“There definitely is a kind of Babu culture prevalent in the Academy,” he says.
All of these unfortunate developments have together impacted the day-to-day functioning of the institute. For example, a majority of the publications of the Academy have been collecting dust in the pipeline owing to issues such as lack of contributors, arbitrary prerequisites before matter finally goes to print or simply, a prolonged and inefficient passage of approvals and permissions through the hierarchy.
There’s also a general feeling amongst employees that the state government does not prioritize culture. For example, most the categories under the publication tab on the Academy’s official website throws up outdated results. Digitizing books, manuscripts and publications demands a dedicated professional adept in knowledge of the process – again, one of the many existing logistical inadequacies.
If nothing, the current-day reality of the Cultural Academy has induced a sense of helplessness in majority of its employees, rendering them demotivated.
Despite all this, the biographer of Sheikh Mohammad Abdullah, Mohammad Yousuf Taing says it’s unfair to corner the Academy and label it apathetic.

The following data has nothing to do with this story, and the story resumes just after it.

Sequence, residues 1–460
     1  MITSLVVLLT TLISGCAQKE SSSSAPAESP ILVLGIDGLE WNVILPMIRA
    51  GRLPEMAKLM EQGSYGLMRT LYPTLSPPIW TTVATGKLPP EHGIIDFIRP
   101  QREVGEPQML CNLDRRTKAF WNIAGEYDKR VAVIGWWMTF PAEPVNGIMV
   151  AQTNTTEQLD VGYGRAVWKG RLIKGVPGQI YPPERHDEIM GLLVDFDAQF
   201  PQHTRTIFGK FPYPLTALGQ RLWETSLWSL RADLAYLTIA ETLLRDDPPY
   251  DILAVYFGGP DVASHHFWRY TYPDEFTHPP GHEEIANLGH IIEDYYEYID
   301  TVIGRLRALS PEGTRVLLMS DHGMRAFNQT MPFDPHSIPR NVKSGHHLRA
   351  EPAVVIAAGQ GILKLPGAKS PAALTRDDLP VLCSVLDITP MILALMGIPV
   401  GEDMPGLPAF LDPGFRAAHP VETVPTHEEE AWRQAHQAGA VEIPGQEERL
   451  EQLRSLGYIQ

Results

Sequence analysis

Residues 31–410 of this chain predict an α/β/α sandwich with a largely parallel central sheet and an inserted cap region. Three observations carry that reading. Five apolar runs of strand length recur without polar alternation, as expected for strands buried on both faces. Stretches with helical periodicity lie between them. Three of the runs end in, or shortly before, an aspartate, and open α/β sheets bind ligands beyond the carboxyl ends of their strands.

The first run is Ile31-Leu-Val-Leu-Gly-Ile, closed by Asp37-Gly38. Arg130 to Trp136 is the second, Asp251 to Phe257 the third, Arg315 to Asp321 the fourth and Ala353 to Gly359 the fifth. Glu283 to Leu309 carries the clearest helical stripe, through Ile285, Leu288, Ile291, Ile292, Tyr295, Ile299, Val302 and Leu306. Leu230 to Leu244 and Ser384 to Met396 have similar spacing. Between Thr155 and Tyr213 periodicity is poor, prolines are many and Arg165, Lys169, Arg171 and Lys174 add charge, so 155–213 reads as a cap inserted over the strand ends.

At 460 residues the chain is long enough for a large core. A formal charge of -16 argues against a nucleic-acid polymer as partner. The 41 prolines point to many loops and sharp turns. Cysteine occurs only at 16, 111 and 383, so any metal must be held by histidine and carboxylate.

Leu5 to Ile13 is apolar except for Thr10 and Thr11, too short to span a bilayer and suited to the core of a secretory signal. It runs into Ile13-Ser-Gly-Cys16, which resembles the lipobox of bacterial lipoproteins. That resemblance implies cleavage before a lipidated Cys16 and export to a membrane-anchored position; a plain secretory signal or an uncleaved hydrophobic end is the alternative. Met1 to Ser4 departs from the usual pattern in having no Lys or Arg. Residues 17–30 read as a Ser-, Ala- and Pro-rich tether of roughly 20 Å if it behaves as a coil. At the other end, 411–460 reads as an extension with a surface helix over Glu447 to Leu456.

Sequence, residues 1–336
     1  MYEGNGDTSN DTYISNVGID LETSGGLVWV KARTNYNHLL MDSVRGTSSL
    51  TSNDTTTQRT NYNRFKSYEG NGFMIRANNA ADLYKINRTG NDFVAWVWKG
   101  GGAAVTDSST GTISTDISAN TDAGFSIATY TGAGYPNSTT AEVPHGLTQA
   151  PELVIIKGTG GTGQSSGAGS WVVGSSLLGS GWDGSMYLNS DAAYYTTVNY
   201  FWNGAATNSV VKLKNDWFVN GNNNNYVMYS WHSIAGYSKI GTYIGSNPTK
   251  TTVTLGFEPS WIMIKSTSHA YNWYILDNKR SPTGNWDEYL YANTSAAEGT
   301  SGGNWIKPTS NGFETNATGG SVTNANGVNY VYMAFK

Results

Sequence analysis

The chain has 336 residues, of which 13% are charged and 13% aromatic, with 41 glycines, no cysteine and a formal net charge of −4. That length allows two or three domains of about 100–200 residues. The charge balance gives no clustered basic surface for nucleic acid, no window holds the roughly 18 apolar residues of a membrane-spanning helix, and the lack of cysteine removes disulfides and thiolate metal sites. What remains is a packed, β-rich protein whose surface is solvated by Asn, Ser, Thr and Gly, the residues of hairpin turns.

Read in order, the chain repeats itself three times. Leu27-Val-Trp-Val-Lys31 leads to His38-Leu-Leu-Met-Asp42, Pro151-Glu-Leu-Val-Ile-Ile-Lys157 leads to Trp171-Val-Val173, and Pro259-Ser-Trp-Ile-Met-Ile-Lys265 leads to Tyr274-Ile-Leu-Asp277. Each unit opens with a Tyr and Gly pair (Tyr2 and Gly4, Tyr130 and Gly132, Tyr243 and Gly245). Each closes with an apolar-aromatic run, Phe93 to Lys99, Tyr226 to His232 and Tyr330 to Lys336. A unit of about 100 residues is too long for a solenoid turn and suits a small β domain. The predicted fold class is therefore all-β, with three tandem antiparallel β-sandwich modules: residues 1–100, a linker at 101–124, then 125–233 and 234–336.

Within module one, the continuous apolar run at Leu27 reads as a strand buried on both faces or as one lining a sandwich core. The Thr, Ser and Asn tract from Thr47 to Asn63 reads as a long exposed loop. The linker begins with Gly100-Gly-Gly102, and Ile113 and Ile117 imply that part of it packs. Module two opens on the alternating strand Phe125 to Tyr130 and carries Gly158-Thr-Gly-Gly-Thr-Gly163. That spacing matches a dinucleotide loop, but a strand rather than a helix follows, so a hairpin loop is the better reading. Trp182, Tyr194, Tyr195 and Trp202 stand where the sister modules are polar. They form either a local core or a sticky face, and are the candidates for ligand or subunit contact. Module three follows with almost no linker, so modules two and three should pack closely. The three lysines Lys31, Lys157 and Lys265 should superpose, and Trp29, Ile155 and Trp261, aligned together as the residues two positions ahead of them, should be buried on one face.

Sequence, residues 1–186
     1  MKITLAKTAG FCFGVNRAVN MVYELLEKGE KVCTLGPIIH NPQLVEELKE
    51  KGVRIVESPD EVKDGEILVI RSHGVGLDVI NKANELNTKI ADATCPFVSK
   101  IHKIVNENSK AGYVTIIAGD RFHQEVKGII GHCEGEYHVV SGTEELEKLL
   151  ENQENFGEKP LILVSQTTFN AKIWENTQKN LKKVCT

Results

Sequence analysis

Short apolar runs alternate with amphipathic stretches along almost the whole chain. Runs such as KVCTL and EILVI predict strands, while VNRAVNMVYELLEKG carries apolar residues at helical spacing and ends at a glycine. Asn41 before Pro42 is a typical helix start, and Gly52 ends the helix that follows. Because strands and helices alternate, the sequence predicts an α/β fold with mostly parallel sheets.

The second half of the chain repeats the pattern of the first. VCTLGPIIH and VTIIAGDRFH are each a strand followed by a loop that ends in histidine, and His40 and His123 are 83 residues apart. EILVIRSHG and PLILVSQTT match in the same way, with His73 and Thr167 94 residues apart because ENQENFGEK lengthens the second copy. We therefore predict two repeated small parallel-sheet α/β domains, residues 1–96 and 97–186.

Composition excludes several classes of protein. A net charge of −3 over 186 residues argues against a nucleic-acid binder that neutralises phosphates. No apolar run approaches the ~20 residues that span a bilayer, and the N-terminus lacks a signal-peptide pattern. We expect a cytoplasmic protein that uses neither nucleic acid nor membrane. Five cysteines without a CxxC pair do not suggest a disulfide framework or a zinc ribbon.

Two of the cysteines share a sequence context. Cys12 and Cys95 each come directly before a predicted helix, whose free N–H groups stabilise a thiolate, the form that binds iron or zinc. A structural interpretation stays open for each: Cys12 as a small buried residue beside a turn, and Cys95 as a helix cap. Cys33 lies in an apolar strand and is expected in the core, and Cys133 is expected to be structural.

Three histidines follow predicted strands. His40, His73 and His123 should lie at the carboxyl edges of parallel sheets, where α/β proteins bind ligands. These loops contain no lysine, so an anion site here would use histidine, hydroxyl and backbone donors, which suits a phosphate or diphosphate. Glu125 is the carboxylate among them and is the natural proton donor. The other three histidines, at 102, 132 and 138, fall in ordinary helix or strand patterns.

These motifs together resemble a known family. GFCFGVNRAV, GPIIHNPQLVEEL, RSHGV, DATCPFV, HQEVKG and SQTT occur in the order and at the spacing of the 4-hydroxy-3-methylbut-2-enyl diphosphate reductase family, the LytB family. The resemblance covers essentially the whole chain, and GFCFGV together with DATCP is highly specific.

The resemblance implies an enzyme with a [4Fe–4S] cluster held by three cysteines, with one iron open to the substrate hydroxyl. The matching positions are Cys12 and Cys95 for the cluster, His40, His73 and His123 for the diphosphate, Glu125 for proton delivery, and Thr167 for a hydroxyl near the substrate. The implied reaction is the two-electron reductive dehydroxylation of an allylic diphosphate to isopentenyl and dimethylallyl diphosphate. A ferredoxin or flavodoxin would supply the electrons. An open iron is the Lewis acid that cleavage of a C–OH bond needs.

“You can’t expect every organisation to be at its best all the time,” he says. “New leaders and secretaries also have their own vision to follow.”
Expanding on the conflict-narrative, he recollects the time when he had to stay in exile in Jammu for close to a decade when a “fundamentalist organisation” took offence to a programme organised by the Academy. “There’re always ups and downs,” he says. “It’s a cycle really.”
But to land an impact on the lines of the objectives that the Academy was originally set up to serve, many say, the organisation needs able, competent and passionate leaders who have their pulse right in place. However, the Academy’s tragedy remains its inability to have the right people, for the right place.